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Granite City restart to boost US HRC capacity

07 Mar 2018 19:35 GMT
Granite City restart to boost US HRC capacity

Houston, 7 March (Argus) — US Steel's planned restart of one of two blast furnaces and the steelmaking facilities at its Granite City Works is expected to add more than 1mn short tons (st) of hot-rolled steel (HRC) steel capacity.

The Pittsburgh-based steelmaker plans to restart the "B" blast furnace, the larger of two furnaces at the Granite City, Illinois, facility to support an anticipated rise in demand for steel in the US following President Donald Trump's plan to impose a 25pc tariff on steel imports.

Market participants estimate the furnace is capable of producing 1.2mn-1.5mn st/yr (1.1mn-1.4mn metric tonnes) of crude steel. This new crude capacity is expected to allow US Steel to boost its estimated North American flat-rolled capacity of 10mn st/yr by 1.2-1.3mn st.

Analysts from investment bank Jefferies expect "little discernable impact on the pricing-margin dynamics of US flat-rolled products," with US HRC supply tight amid strong demand, reduced imports and limited US capacity.

US flat-rolled mill utilization rates have ticked up as high as 90pc or more, market participants estimate.

"Market supply-demand needs support the incremental supply irrespective of 232," investment bank KeyBanc said in a research note.

Still, US Steel is the first to announce an expansion following Trump's decision to impose a 25pc tariff on US steel imports.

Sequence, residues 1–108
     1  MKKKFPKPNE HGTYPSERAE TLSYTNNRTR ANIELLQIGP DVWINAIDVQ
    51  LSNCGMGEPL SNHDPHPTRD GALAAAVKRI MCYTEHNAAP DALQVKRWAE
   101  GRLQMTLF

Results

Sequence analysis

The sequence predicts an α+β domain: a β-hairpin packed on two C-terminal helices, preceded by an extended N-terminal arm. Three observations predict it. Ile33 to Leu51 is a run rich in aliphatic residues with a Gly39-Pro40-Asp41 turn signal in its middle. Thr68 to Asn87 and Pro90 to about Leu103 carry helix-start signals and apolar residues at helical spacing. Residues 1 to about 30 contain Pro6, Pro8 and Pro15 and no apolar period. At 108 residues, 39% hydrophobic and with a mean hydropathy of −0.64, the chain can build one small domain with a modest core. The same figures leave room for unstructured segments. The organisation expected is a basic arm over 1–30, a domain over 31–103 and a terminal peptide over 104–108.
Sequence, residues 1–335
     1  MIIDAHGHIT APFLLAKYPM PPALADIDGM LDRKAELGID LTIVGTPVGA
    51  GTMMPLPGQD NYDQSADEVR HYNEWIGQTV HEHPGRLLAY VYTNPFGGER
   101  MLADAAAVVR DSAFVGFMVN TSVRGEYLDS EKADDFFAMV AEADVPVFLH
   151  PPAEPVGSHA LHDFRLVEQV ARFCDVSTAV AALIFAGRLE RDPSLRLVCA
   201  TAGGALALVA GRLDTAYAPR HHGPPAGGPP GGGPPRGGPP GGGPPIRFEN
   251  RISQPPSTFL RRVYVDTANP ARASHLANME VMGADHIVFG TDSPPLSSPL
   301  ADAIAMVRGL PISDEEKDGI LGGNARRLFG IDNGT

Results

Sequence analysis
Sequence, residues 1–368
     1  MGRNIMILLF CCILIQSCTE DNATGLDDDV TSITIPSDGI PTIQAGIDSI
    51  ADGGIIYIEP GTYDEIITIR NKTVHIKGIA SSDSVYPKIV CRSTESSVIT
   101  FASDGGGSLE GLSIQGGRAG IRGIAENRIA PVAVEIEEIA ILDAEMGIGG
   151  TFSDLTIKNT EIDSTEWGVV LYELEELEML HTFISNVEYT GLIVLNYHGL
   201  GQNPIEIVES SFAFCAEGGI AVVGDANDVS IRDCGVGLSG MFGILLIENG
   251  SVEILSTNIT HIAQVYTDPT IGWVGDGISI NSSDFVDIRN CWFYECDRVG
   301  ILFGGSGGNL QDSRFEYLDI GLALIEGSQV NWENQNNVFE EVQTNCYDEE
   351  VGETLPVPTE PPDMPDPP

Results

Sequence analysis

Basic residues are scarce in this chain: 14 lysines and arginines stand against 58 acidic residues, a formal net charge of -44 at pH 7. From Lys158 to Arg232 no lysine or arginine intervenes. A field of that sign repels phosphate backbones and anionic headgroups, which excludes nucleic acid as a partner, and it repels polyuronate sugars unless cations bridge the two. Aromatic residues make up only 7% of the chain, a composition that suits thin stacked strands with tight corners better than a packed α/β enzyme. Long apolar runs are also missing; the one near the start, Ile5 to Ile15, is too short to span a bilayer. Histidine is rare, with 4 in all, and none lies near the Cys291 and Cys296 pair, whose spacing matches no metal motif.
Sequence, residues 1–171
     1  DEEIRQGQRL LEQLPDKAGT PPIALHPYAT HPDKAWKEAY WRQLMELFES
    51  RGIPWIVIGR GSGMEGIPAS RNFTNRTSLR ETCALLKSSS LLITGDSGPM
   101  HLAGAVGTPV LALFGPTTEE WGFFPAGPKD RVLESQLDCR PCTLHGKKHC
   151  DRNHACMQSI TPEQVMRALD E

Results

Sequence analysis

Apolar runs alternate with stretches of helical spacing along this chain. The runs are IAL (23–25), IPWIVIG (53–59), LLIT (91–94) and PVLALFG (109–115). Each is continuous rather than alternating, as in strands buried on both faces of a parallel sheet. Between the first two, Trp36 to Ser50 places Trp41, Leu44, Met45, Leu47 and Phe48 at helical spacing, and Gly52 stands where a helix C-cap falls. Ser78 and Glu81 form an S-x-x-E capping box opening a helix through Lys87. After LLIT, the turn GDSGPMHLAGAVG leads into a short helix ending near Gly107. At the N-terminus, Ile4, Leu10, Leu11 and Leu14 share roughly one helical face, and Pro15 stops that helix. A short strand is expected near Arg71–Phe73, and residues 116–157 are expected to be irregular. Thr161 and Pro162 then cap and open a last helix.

In a listening session with steel and aluminum industry executives last week, Trump singled out promises made by US Steel and TimkenSteel and signaled there could be others.

"You're all -- pretty much all of you -- will immediately be expanding if we give you that level playing field, if we give you that help," Trump said.

KeyBanc estimates US Steel will invest $10-15mn in the Granite City restart. The effort could take up to four months but the company said it expects to begin calling back some 500 employees as early as this month.

Granite City Works currently operates its pickle line, cold and finishing lines as well as its hot strip mill. The hot strip mill was restarted in February 2017 after being idled a year earlier.

The mill's two blast furnaces have stayed offline since being idled in December 2015 in response to challenging market conditions.

A restart of the second blast furnace will be incumbent on Trump's final decision on the import tariff, KeyBanc said.